BH: Pensions will cost €4.7bn this year, up from €3.7bn a few years ago. Our “demographic profile” means this will have to keep rising. Despite this, government spending needs to fall every year up to 2015.

BH: “Everything was looked at” for this spending review, with every department submitting a report. Today is not the end of spending cuts, he, but rather the first step of a constant review. A fresh spending review should be held every year, he says. The next one will be in 2013-2014 to inform another phase of financial planning.

BH: We can’t make the savings we need to without touching sensitive policy areas. Difficult decisions were made on three guiding principles: “fairness, jobs and reform.” We must make sure the burden is shared fairly, with the most vulnerable protected as far as is possible.

BH: Depsite falling income and revenue, the government wants to build a socially inclusive and fair society. Central to all of this is jobs – we need to get people working. That’s a focus of this Budget, he says. The government’s multi-year action plan will include a group to monitor its action plan.

BH announces seven aspects of this plan: (i) Improved competitiveness; (ii) focussing on indigenous startups; (iii) indigenous growth; (iv) nurturing entrepreneurial spirit; (v) deepening the impact of FDI; (vi) developing employment opportunities in the community; (vii) exploring sectoral opportunities.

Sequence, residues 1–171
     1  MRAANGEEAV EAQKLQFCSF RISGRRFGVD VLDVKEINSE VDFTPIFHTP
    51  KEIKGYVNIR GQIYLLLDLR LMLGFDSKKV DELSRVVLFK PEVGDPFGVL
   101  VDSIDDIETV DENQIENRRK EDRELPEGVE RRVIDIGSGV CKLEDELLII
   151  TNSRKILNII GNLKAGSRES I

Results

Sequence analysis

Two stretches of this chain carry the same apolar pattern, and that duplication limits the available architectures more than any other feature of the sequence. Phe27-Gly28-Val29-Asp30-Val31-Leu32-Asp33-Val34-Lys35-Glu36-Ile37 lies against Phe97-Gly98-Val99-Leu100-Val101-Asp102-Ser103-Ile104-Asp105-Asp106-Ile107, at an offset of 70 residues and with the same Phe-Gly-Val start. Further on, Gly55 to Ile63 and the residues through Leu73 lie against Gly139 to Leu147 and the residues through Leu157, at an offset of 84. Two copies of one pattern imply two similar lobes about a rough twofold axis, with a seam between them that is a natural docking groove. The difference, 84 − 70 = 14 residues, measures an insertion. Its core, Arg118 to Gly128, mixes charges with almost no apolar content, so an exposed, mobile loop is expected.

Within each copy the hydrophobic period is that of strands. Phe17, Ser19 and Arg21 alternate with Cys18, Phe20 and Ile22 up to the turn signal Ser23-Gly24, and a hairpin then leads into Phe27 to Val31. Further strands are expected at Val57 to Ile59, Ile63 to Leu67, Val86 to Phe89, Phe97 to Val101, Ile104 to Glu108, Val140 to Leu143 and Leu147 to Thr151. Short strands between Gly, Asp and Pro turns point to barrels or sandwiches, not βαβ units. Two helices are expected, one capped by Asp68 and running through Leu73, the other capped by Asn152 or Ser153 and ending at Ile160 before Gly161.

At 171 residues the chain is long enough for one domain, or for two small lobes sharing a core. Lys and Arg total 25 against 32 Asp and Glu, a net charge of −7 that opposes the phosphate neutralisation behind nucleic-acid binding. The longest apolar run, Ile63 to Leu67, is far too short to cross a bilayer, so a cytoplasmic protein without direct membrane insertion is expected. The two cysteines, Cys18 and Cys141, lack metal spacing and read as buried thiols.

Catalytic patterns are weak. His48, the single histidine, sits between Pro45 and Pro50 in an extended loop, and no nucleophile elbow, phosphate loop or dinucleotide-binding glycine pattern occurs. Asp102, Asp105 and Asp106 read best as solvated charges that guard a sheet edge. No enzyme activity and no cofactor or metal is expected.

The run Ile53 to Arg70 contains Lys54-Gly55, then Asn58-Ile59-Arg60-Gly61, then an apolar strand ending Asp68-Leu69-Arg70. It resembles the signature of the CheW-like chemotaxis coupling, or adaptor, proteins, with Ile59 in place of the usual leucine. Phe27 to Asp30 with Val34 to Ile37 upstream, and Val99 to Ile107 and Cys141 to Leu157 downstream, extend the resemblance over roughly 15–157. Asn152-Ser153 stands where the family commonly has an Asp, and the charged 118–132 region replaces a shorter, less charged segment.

He announces a new ‘Springboard’ initiative and a new €20m investment in training facilities.

BH: We’ve taken reform as an agenda – cutting ministerial pay, cutting transport arrangements, reducing Oireachtas committees, cutting special advisors’ pay (the Dail laughs at this…), cancelled some parts of decentralisation…

BH: Public service pay bill will fall by €400m by next year, with workforce reduced by a further 6,000. “This is a significant reform which poses enormous challenges,” he says.

BH announces a relaxation of the public service recruitment embargo, with limited “targeted recruitment” in the public service next year…

BH: “The Croke Park Agreement simply has to deliver. We’ve made a good start, but we’ve a long way to travel yet.”

Next year, public service bodies will have to cut overtime payments by 10% and premium payments by 5%.

BH now turns to public service pensions. A new single scheme will cut 35% – or €1.8bn – from the public service pension bill by next year.

BH on social welfare: We have a duty to protect the most vulnerable… we must also get people back to work… the reality we have now is that our social welfare spending cannot be sustained.

BH: I can confirm that the government has not cut any weekly rate of social welfare payment, protected child benefit, and will save €475m in social welfare next year. (This is €190m than was set out in the last government’s four-year plan.)